Author Topic: Scott 735B  (Read 2899 times)

Marc Gonzales

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Re: Scott 735B
« Reply #3 on: October 06, 2016, 09:10:24 PM »
Here is what Follansbee has to say about this variety.  I don't think he will mind my quoting him.

"I am very well acquainted with 735B. The stamp was discovered by Adolfo Eimbcke in a junk lot. His material was sold by Shelton and I was the buyer of "The Eimbcke" as it was called. This was around 1978 or 79. I later sold it in one of my early sales for $9,000 or $10,000 (as I recall).

 In how the variety came about, it is rather similar to the coil waste perforation varieties of the U.S. from the early 1920s. Rotary presses had a perforator (or rouletter in the case of 736)  which sheets directly off the drum were fed through and guillotined into panes as the final step. Such machines had an automatic shut-off triggered by reaching the end of the paper roll. This left some imperforate material between the printing drum and the perforator or rouletter. Rather than destroy these unfinished stamps, they were manually perforated on some handy machine. Naturally, such sheets were vastly outnumbered by the sheets that had been completed in the normal manner.

 736 was produced on a press located in a part of the plant where fiscal stamps were normally produced. This was done because of unmet demand for postage. Rather than haul "CORREOS MEXICO" paper over to this press, they used the fiscal-watermarked paper because it was handy (not in error or because of a paper shortage).

 The Eimbcke stamp's authenticity had circumstantial support from the fact that Eimbcke was well-known for his honesty and he testified that he found the stamp rather than paid anything for it. He showed the stamp to all of his philatelic friends, including Karl Schimmer. The stamp also was supported by the fact that it was clearly perforated on a harrow which showed two probably related peculiarities. First, the perfs at the first and third corners were closer together than at the second and fourth. Second, the harrow was very slightly distorted to that the corners were not quite 90 degrees true. The lines of perfs at top and bottom paralleled the frame of the design, while the side rows of perforations were very slightly aslant relative to the design's frame. There is no such distortion in the rouletting harrow for 736. If the Eimbcke 735 was perfectly superimposed on a 736 it showed that there just wasn't "room" on a 736 to add fake perfs.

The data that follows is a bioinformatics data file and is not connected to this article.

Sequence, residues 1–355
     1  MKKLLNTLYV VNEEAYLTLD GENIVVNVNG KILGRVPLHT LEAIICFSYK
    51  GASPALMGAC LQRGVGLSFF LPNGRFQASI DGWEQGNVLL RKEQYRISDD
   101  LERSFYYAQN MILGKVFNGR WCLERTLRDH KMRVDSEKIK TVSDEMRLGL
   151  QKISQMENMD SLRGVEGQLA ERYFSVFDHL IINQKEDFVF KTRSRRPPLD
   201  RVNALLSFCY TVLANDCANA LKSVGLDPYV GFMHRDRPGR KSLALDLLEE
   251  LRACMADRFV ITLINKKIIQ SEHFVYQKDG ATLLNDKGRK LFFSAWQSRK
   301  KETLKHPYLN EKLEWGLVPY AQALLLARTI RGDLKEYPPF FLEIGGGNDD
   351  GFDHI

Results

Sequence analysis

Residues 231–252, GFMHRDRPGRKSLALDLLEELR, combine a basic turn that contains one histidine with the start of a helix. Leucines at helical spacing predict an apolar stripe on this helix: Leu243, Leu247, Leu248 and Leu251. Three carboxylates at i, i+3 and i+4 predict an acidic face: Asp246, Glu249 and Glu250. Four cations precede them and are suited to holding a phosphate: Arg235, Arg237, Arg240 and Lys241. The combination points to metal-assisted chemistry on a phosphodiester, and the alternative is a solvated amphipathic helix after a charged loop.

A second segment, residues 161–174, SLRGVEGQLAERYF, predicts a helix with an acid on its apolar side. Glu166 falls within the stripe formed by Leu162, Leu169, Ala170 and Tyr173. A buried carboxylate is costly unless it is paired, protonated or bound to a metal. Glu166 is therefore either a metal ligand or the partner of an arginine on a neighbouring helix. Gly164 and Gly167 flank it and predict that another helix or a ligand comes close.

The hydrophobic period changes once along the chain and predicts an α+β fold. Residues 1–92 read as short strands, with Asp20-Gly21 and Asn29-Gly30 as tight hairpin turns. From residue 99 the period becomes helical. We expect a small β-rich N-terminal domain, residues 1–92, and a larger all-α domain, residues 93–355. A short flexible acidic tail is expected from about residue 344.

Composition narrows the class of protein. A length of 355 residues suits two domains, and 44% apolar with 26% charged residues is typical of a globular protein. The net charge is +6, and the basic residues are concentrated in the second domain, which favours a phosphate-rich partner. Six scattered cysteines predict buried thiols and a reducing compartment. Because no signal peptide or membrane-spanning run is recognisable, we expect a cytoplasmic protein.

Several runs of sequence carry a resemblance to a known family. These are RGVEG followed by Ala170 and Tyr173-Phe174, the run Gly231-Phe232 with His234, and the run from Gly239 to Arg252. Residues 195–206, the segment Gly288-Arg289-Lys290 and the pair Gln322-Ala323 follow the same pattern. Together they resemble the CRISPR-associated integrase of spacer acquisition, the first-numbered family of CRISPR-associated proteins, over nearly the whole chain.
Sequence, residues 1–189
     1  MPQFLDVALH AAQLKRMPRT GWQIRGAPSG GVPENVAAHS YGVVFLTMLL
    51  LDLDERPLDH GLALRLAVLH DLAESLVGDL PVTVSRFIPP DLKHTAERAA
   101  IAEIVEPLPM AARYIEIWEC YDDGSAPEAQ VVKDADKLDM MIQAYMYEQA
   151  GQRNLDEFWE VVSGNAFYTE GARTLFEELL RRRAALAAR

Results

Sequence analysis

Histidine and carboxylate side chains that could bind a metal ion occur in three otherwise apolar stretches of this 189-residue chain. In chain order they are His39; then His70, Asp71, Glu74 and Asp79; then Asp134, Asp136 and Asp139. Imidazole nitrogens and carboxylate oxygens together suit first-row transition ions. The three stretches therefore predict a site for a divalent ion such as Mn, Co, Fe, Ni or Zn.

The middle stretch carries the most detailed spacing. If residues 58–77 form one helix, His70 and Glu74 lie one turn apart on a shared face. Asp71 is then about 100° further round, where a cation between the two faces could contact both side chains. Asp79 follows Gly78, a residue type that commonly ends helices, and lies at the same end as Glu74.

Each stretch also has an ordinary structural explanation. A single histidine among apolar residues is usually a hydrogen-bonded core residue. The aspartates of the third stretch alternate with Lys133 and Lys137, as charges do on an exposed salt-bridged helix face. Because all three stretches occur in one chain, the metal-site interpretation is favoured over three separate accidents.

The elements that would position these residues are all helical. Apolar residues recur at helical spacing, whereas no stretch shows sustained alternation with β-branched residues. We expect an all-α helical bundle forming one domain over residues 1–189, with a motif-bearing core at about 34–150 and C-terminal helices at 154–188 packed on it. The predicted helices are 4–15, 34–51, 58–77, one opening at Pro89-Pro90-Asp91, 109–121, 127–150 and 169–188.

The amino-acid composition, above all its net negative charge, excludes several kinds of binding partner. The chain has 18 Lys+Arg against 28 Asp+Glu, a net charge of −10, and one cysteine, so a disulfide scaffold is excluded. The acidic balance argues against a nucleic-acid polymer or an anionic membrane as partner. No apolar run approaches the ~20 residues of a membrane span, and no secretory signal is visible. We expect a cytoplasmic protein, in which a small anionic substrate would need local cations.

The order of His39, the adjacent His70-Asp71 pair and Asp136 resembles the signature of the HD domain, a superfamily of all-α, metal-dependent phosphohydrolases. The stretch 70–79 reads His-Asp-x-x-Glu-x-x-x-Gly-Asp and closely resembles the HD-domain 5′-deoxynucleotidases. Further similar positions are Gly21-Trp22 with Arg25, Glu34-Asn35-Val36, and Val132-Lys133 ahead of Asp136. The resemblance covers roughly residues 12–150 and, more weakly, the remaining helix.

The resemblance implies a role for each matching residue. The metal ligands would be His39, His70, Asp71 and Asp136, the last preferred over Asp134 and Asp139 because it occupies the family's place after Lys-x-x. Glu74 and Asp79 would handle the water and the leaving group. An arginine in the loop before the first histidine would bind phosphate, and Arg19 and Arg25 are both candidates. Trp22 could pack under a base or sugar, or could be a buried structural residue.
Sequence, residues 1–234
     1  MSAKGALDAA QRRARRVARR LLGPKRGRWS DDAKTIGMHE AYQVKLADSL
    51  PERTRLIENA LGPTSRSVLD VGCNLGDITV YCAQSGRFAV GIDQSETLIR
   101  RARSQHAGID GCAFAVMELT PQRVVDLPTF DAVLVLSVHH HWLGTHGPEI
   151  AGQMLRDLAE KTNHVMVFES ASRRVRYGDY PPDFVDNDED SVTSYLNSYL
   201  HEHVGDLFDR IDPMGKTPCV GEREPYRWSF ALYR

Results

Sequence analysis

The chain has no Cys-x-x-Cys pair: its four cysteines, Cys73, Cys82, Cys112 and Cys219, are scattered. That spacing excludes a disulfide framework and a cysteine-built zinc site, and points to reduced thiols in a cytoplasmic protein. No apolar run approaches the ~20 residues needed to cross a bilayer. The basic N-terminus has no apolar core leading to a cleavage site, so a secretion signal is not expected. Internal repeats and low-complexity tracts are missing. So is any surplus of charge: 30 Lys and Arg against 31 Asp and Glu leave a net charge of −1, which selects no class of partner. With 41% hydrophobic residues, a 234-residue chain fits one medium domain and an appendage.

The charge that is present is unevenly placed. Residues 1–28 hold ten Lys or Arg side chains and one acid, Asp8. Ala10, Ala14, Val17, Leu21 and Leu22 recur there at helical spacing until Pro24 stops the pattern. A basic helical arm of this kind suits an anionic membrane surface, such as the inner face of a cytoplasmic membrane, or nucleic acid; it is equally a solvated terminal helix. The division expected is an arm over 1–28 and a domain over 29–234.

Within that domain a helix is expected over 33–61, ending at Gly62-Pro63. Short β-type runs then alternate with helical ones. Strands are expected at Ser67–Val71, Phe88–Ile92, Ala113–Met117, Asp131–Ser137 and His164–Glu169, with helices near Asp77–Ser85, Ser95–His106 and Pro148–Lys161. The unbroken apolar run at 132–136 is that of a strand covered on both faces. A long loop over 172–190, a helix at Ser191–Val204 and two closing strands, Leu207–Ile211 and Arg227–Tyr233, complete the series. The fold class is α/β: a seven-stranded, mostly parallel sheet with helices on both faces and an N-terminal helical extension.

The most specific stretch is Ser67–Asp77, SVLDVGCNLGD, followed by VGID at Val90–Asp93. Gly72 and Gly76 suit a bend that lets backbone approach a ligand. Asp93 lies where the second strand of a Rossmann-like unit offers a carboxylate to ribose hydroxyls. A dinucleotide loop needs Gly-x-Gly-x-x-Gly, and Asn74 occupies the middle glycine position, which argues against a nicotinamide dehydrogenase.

I expertised another 735B for MEPSI in the mid-1980s which also showed these harrow peculiarities."

Fernando P-M

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Re: Scott 735B
« Reply #2 on: September 19, 2016, 08:22:42 AM »
Scott 735B was discovered by a well remembered and respected Monterrey collector, Mr. Adolfo Eimbcke, who was a longtime MEPSI member and recipient of the Distinguished Services Award.

I remember quite well the day when he brought the stamp to the local club meeting and explained the differences, when he was declared with lung cancer he sold his collection trough Bill Shelton's auctions and I do not know the whereabouts of his stamp.

The controversy aroused in Mexico City by several collectors who had never seen one less have one in their hands for checking it, so they considered its existence doubtful and contacted Scott's editors to let them know about their skepticism.

I am sure the stamp really exist but the surviving number might be very limited. I have never seen another example in all my years in the market.

Have a nice week everybody,

Fernando Perez-Maldonado

Bob Watson

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Scott 735B
« Reply #1 on: September 18, 2016, 08:11:43 PM »
The Scott catalogue says: "The listing of No. 735B is being re-evaluated. The Catalogue Editors would appreciate any information on the stamp." I understand that a good MEPSI certificate has been issued for at least one copy. Can anyone confirm the existence of this stamp or of the certificate? (This is a 10c Cuauhtémoc type of 1923, but issued in 1934-37 on paper watermarked Lines and SECRETARIA DE HACIENDA MEXICO [wmk 260].)